- My apologies. I’ll correct that immediately
- Thank you for offering your help on this
- I appreciate your mentioning my mistake
1. Thank You for Highlighting This Issue
“Thank you for highlighting this issue” shows you how to say “thank you for pointing this out” professionally.
It’s great to use after making an error in your projects. Once someone points out your mistake, you should own it and let them know that you appreciate their keen eye.
There’s nothing wrong with making mistakes, after all. You’re only human, and it’s to be expected.
Therefore, a respectful phrase like this goes a long way in an email. It shows you appreciate the help and will do what you can to fix the issue.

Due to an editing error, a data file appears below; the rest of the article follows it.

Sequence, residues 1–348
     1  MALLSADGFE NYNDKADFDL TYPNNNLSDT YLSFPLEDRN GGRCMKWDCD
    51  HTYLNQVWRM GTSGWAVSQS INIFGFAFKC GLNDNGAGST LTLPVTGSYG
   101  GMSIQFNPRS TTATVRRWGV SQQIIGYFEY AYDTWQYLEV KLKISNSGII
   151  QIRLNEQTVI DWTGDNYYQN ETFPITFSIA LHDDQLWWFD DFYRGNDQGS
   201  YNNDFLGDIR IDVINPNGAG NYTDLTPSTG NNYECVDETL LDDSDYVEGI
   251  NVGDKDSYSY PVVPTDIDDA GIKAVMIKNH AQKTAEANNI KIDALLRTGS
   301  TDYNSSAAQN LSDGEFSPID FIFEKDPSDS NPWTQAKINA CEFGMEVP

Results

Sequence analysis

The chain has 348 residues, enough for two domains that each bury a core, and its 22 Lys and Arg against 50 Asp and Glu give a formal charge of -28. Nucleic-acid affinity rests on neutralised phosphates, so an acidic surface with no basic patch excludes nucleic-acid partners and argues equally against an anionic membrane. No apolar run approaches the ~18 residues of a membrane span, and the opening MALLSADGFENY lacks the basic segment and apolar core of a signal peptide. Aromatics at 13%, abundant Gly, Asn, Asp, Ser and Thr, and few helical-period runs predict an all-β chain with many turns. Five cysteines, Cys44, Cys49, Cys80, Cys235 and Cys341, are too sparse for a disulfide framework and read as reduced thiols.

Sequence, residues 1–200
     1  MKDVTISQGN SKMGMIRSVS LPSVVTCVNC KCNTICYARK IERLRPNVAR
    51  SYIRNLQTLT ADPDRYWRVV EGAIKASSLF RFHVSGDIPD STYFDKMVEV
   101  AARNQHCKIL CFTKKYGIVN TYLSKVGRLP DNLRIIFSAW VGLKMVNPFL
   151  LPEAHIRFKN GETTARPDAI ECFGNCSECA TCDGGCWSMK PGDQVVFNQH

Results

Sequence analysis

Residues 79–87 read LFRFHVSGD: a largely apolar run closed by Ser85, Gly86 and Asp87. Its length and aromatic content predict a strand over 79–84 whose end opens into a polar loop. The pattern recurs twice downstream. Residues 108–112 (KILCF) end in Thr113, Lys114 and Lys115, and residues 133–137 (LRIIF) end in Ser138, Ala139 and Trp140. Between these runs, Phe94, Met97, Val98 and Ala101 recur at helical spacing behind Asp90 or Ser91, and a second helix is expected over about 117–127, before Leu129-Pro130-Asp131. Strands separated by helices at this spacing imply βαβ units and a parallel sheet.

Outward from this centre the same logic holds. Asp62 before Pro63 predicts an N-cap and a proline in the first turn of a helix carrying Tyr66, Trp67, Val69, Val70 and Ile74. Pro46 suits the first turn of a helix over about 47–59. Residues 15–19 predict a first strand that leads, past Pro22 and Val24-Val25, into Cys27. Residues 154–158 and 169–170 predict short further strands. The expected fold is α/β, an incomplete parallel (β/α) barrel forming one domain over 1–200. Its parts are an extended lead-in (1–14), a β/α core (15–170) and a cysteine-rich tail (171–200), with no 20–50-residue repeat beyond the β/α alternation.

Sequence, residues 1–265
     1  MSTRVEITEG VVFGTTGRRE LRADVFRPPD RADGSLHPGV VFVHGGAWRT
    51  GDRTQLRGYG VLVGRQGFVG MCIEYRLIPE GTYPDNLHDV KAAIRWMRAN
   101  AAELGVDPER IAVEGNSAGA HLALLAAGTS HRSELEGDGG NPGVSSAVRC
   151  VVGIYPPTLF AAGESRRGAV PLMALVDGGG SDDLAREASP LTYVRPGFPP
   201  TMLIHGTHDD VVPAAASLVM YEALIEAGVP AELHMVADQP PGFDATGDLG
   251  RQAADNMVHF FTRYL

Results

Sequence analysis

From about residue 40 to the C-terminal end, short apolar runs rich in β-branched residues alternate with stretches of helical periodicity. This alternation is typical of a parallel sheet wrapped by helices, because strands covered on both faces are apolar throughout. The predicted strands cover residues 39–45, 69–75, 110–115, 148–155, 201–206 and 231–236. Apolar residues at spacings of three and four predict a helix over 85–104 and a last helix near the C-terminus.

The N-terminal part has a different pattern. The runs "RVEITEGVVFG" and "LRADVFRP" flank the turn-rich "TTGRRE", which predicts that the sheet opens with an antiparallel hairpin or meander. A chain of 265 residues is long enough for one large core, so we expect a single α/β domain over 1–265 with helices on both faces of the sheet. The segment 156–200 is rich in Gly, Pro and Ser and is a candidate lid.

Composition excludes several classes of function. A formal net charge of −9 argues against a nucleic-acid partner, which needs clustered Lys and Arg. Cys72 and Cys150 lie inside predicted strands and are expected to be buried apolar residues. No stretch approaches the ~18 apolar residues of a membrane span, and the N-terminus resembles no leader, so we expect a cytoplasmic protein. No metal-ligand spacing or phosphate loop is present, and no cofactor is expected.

You can also review this email example:
Thank you for highlighting this issue. I wasn’t aware that I made it, but I’ll work on correcting the error now.
2. Thank You for Correcting Me
For a simple alternative, you can use “thank you for correcting me.” It works well for minor errors (such as a typo).
We recommend using it when thanking your boss for spotting a mistake. If they reply to you to let you know you’ve made a simple error, this is the best way to let them know you’re grateful.
Above all else, it’s very respectful. That’s why we think using a phrase like this is wise.
Here’s a great example to help you understand it better:
Dear Mr. Hughes,
Thank you for correcting me. I’m so sorry that I didn’t spot the mistake in my first check of the program.
3. Thanks for Noticing That
If you’re trying to figure out how to thank someone for correcting your mistake, try “thanks for noticing that.” It’s a great way to show that someone spotted a simple mistake that needs fixing.